Playing to Win
Publisher: Penguin Group
Release Date: Sept 4, 2012
Retail Price: 15.00
Heat Level: Scorching
Someone’s going to have to let down their guard…
Football star Cole Riley is notorious for doing as he pleases—on the field and off. He parties hard and fights harder, but if he doesn’t clean up his act, his career is over—so Cole reluctantly agrees to work with image makeover consultant Savannah Brooks. He’s not used to being told what to do, especially by some (admittedly hot) Southern belle. As for Savannah, she’s not convinced she can transform this cocky (and aggressively sexy) force of nature. But she’s determined to give it her best shot.
When the sparks start to fly, Savannah lays down the ground rules: no personal complications. If she can turn off the tingle she feels every time Cole gives her a hot stare with his gorgeous baby blues, he can turn off his desire as well. But for two people determined to have it all, a hands-off policy can only last so long before one of them yields.
Series: A Play-by-Play Novel (Book 4)
Savannah Brooks has got a job to do… get Cole Riley to change his bad boy image or else.
The downside is he’s not like any of the reports she’s received—devastatingly handsome, and liable to make her clothes disappear with a smile. The image suggestions she’s throwing out aren’t readily accepted, and if something doesn’t change she’ll do the one thing she swore against—sleep with her client.
Cole Riley plays the game, on the field and off. His goal is to win and when he meets Savannah the only way he’s giving up is by getting access to her end zone. Not believing his image needs a bit of a makeover, Cole decides to at least play along until the desire he sees in Savannah’s eyes snaps. Along the way the game changes and pretty soon it’s not about the winning play but winning the game.
Burton latest Play-By-Play novel is definitely hot. Just look at the cover and tell me you’re not drooling; I was. This was my first time reading one of Burton’s books and I found the writing style sang to me. The story locked me in quickly and wasn’t a challenge to read or follow. Burton is also good at making you forget about the sports and focuses more on the holding penalties behind the scenes.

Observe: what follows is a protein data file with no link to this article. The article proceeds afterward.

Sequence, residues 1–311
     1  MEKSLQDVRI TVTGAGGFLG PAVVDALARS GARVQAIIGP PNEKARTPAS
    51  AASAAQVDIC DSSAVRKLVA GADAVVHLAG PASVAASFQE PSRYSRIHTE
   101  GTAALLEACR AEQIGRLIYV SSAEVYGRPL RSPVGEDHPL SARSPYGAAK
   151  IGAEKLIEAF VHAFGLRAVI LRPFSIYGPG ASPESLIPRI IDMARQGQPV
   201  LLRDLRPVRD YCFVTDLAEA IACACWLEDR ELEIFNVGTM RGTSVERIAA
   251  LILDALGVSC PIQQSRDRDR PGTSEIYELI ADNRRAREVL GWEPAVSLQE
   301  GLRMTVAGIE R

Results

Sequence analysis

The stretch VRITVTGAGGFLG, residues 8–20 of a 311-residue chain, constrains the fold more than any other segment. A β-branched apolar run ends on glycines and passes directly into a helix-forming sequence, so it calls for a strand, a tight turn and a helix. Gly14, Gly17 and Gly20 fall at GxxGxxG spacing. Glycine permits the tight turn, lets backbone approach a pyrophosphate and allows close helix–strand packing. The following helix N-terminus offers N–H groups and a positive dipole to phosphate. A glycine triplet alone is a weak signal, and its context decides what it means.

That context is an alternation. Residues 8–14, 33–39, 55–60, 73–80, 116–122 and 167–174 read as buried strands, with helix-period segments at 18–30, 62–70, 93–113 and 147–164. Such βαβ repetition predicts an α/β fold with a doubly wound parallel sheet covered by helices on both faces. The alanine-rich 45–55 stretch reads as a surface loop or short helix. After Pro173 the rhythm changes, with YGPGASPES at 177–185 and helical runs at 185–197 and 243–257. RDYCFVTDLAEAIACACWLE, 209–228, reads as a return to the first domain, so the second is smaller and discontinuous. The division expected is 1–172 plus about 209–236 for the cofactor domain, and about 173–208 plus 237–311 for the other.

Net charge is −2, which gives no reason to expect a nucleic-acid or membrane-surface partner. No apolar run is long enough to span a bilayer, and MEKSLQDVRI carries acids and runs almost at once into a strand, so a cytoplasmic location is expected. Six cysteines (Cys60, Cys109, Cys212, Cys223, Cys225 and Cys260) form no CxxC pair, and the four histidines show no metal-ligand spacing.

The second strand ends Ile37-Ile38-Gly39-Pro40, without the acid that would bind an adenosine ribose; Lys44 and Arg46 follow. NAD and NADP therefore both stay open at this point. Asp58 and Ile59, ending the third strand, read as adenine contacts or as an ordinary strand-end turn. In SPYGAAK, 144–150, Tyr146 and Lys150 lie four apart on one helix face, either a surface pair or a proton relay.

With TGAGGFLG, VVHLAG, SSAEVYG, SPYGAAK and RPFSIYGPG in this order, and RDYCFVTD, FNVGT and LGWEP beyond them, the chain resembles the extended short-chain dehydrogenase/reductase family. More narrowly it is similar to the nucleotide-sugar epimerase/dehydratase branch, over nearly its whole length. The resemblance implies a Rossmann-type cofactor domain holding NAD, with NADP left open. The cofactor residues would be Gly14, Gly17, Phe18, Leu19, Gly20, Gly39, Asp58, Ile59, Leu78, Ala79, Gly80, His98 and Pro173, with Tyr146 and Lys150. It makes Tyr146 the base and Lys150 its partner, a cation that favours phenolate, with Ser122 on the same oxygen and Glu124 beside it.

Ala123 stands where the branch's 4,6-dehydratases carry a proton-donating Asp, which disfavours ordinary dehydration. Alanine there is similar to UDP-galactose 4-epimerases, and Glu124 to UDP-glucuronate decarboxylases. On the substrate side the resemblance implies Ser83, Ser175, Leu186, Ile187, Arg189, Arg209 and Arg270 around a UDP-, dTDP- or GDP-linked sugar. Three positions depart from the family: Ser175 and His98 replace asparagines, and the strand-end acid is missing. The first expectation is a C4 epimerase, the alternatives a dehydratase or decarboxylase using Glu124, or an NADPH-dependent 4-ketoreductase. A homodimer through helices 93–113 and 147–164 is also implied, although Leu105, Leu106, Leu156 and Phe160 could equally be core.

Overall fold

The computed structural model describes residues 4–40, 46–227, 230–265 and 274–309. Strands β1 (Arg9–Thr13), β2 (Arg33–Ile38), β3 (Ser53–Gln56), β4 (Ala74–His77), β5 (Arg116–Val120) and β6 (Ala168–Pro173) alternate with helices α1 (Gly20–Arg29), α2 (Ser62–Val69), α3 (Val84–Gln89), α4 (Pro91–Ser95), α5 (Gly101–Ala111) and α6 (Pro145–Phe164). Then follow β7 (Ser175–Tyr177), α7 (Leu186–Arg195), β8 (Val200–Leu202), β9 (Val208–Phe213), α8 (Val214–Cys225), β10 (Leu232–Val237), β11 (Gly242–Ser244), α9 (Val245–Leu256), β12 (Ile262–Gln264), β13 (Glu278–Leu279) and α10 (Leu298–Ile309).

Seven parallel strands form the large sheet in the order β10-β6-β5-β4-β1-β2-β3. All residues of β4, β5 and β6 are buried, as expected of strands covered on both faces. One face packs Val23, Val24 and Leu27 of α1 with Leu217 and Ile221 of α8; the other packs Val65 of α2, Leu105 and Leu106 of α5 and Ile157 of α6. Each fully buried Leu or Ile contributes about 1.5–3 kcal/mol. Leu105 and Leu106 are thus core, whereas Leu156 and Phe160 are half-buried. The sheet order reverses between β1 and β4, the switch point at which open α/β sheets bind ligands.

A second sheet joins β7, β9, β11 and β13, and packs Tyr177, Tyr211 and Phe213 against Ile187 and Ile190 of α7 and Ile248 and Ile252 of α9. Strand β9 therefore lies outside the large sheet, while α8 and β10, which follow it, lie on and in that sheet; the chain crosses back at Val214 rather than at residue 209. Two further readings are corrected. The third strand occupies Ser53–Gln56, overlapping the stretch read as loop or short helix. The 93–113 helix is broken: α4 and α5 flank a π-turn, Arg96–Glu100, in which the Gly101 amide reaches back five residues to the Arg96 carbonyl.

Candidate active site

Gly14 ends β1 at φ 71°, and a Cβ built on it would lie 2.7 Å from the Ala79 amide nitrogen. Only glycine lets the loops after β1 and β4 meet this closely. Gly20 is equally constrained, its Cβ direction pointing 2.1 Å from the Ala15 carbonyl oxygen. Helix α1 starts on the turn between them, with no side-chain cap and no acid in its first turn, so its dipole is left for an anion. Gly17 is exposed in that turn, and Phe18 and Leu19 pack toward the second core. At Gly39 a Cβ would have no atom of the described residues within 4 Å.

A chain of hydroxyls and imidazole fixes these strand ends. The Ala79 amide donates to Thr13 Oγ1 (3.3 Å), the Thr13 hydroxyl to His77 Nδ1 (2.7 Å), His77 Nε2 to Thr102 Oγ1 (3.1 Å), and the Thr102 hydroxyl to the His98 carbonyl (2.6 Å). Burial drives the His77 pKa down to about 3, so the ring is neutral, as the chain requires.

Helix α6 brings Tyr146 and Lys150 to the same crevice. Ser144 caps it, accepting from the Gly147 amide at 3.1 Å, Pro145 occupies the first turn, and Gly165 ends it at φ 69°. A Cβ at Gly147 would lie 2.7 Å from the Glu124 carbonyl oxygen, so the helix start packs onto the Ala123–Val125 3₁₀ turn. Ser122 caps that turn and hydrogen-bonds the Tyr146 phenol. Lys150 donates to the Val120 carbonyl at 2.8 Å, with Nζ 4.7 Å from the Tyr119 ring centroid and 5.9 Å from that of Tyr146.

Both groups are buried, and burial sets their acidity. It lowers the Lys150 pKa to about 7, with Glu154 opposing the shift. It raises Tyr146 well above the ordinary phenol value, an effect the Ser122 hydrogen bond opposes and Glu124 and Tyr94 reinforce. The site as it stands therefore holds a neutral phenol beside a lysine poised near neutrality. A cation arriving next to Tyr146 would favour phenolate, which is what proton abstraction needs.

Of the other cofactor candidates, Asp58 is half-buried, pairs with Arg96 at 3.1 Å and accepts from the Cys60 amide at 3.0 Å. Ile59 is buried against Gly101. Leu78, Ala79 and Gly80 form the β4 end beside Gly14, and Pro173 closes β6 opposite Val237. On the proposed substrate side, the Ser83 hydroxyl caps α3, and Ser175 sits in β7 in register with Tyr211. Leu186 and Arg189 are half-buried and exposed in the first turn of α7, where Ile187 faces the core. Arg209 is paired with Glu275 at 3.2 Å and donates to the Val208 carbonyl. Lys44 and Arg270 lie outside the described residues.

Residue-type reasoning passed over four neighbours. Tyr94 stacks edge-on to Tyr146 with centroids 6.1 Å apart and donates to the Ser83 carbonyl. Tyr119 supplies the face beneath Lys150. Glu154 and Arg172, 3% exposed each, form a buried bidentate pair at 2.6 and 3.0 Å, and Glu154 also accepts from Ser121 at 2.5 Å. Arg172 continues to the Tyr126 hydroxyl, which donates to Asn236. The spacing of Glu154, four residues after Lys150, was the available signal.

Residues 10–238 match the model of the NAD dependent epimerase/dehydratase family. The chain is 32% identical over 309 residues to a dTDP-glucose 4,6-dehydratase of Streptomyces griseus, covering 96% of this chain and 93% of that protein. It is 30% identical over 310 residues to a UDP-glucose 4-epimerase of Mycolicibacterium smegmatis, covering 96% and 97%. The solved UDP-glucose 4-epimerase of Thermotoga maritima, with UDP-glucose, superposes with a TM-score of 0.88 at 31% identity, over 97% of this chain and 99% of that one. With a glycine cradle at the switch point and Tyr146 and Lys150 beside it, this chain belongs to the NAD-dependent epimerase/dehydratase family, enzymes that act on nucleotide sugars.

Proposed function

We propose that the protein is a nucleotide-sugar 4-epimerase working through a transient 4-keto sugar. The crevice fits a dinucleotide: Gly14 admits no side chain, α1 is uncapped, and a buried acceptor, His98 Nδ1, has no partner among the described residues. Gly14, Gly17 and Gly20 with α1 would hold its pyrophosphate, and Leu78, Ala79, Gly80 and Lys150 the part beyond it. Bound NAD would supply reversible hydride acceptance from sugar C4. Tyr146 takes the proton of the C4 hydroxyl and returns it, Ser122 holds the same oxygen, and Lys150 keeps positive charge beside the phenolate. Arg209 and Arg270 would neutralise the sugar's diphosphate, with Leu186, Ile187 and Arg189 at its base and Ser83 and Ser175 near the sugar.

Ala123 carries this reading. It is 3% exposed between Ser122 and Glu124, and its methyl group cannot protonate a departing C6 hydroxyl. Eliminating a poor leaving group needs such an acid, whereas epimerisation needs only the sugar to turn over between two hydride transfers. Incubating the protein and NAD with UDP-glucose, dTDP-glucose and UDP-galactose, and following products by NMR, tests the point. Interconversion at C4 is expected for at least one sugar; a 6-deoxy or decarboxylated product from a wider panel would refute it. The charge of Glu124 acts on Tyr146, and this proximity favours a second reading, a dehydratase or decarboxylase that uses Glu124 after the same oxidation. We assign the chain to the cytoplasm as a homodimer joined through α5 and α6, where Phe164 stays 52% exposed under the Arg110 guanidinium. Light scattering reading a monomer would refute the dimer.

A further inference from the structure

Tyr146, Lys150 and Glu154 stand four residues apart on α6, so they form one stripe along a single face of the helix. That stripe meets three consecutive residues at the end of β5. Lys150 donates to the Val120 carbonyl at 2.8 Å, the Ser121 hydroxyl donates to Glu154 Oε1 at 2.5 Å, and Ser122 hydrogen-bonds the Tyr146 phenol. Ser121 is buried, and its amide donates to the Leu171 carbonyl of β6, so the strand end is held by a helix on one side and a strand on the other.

I liked the characters; there was a lot of emotional depth and drive between the both of them. Savannah’s like a one-woman army and Cole is determined to be a success. Cole’s biggest problem is that he’s not a team player. Savannah’s biggest issue is relying on others. In a way both problems intertwine and I was anxious to see how things played out.
Would Cole’s bad boy image prove to be too much of an issue? It certainly seemed like it since he didn’t feel the need to change. Though he does embrace Savannah’s suggestions and surprisingly seems to unconsciously do it to please her. His main focus through the entire story is getting down Savannah’s pants, and afterwards staying in them. This was a bit bothersome to me, and I couldn’t take Cole seriously for a better portion of this book. Savannah seems to have the same level of attraction as well and is doing her best to fight the urge to jump Cole’s bones. I admired her for the fight, and could see why she gives in, but after she does the main conflict disappears.
The conflict is where the book fell flat. There was so much potential for craziness and all hell to break loose, but surprisingly the book is super calm. Besides the internal emotional problems stemming from past experiences, Cole and Savannah don’t suffer an hindrance to being together. You would think the reality is that a ‘bad boy’ football player like Cole would get paparazzi peeking into his garden late night or following him across town. But nothing… Burton plays it safe in this one. So Cole and Savannah don’t have much stopping them from an HEA.
Overall, a decent story with good characters, who I felt were capable of so much more in the conflict department. I liked the setting, and I’m usually not a fan of romance books involving sports as part of the story. If you’re looking for a romance that’s easy to get involved in, but may not stir up those deep emotions then Playing to Win is worth reading. I would be willing to pick up a Jaci Burton novel in the future.Reviewed by Landra
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